Eleftherios Venizelos

Eleftherios Venizelos is widely considered one of the greatest statesmen in the history of modern Greece. Born in Chania in 1864, he played a significant role in Crete’s struggles for political autonomy from the Ottoman Empire and eventually integration into Greece, before going on to serve as Greek Prime Minister for a combined 13 years between 1910 and 1933. During this time, he formed the first proper political party in Greece, the Party of Liberals, modernized the Greek state apparatus and led military and diplomatic efforts that doubled Greece’s land area and population. Many statues of Venizelos stand throughout the country, while almost every city has a street named after him, usually a central avenue.
As is to be expected, the greatest concentration of monuments to his memory can be found in Chania, his hometown. Both Venizelos’ childhood home in Mournies, as well as Venizelos' residence in Halepa have been restored and function as Museums about the great man’s life. The tombs of Venizelos are open to the public, located at the top of Froudia Hill. Finally, at the village of Therissos, one can visit his headquarters from the 1905 rebellion, which have also been turned into a museum.

Venizelos was born in the village of Mournies, just to the south of Chania. His childhood was rather turbulent, as he spent years in Kythira, Athens, and Syros, apart from his hometown. At age 17 he enrolled in Athens University Law School, where he studied for 5 years. Following his graduation, he worked as a lawyer and prominently as a journalist. This led him to an early foray into politics, where he became a leading liberal in Crete.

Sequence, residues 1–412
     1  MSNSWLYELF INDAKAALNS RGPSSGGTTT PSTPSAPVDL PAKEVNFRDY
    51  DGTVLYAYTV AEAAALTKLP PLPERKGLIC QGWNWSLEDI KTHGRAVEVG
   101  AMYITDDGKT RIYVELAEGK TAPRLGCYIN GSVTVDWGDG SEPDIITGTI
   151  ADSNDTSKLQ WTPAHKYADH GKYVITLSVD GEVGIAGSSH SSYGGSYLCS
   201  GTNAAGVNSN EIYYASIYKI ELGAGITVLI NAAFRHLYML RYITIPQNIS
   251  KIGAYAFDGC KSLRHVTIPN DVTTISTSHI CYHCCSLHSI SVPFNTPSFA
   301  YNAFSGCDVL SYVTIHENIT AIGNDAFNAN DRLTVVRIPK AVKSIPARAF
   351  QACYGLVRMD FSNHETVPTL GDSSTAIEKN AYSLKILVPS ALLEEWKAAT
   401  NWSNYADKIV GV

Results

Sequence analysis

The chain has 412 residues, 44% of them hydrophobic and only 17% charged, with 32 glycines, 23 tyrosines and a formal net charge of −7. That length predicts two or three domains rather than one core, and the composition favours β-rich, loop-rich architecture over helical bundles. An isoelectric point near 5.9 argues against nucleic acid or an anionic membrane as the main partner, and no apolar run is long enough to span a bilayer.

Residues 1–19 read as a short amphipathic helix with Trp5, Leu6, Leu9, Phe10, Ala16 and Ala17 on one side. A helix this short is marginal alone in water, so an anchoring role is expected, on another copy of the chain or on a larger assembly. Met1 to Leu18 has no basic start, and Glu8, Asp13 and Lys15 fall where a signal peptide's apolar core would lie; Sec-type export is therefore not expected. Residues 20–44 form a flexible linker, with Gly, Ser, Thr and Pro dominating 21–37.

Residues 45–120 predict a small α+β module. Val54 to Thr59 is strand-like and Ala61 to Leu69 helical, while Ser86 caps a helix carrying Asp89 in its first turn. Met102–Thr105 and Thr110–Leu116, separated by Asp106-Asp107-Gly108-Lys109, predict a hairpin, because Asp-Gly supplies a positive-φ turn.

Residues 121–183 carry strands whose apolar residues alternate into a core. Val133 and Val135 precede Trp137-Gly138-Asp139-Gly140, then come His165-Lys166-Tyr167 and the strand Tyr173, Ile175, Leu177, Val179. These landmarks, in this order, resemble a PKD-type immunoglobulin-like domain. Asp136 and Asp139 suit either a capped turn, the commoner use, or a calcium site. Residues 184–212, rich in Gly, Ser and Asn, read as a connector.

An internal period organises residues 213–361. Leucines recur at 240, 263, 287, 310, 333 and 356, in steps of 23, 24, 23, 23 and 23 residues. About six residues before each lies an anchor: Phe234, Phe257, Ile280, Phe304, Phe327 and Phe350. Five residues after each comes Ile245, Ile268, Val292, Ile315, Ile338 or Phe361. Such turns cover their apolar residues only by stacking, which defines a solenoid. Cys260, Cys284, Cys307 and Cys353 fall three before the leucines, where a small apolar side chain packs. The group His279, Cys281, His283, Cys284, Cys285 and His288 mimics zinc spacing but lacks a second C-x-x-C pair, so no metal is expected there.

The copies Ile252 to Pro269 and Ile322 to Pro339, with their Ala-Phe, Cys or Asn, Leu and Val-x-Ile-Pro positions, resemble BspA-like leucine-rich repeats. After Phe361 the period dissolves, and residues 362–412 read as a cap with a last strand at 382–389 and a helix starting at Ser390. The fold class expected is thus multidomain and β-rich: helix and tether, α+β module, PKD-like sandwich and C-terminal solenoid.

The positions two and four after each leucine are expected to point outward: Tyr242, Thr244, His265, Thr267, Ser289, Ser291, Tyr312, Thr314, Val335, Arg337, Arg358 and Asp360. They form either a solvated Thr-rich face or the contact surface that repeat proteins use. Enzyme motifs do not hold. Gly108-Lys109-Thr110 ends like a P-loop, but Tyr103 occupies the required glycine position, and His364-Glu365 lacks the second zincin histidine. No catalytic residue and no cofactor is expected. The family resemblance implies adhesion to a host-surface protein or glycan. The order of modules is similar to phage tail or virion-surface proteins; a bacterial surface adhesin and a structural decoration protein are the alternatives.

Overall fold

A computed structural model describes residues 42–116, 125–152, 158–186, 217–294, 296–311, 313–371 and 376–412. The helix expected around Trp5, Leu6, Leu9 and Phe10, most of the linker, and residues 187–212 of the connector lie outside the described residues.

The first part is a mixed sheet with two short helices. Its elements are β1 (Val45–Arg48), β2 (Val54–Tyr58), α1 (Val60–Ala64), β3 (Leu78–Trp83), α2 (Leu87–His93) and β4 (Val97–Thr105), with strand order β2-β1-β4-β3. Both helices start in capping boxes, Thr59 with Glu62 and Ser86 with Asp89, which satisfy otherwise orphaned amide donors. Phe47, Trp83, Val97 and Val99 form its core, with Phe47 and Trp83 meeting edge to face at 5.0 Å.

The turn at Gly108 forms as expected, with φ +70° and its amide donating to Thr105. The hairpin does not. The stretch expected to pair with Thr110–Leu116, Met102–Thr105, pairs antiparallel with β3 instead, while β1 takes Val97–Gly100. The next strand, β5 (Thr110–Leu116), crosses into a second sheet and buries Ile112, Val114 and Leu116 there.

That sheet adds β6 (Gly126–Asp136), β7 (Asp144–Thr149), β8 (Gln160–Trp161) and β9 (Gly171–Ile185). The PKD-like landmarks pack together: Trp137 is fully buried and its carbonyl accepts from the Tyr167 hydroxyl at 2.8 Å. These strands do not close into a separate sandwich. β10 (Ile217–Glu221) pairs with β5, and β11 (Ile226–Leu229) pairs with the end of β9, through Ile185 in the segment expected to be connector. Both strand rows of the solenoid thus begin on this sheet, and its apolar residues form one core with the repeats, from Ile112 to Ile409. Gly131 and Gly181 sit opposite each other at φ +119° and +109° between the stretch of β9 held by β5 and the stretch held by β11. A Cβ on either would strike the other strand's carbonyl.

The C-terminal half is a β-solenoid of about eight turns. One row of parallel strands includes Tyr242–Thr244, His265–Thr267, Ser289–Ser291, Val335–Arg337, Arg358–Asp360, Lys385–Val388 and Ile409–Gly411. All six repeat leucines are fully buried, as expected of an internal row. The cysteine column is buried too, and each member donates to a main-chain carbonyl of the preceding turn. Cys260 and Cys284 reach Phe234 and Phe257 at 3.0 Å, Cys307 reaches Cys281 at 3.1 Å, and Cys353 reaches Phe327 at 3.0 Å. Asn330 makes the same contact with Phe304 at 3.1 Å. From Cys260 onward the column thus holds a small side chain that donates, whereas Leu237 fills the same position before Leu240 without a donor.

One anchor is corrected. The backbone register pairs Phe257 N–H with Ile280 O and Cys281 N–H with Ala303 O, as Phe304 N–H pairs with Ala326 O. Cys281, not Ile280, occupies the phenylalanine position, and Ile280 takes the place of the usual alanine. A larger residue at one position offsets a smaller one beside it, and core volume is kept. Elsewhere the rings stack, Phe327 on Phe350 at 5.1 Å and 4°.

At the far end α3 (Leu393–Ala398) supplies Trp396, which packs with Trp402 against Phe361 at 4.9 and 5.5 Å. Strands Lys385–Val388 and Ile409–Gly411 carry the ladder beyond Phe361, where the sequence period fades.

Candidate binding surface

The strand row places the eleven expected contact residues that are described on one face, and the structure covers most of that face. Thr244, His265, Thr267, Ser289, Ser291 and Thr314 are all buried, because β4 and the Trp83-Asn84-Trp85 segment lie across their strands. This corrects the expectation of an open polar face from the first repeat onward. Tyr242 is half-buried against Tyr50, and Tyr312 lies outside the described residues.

During Venizelos’ early life, Crete was in the middle of a highly turbulent period, with frequent local rebellions aiming to end Turkish suzerainty over the island and have the independent Greek Kingdom annex it. Venizelos quickly became a leading figure of the rebellious Cretans, displaying a combination of radical ideas and moderate actions that helped Crete inch ever closer to its union with its conceived motherland.

Following a violent revolution between 1895 and 1898, which led to a war between Greece and the Ottomans, the Cretan State was established, under the Sultan’s suzerainty, but its leader (titled High Commissioner) was selected from the Greek Royal Family. At the same time, a six-country International Squadron was established to maintain the status quo.
The appointment of Prince George, son of the Greek King, as High Commissioner, started the decades-long rivalry between Venizelos and the Greek royal family, as George was seen as too moderate and conservative by the Cretan leader, who often publicly clashed with him despite his position as Minister of Justice.
In 1905, Venizelos led the Therisos Revolt, in an attempt to remove the High Commissioner from power and seek immediate union with Greece. This rebellion ended with international intervention which led to George’s resignation and replacement with Alexandros Zaimis, former Prime Minister of Greece. A few years later, Crete unilaterally declared its union with Greece, although Greece wouldn’t recognize this declaration until 1913.

In 1909, the liberal Goudi coup took place in Greece in an attempt to force Greece out of political stagnation. Instead of installing a dictatorship, the leaders of this movement invited Venizelos to Greece to lead the liberal faction in free and fair elections. Venizelos eventually became Prime Minister, a position he held until 1915. During this period Greece left its legislative quagmire, with 337 laws passed by 1912, as well as an extensive revision of the Constitution.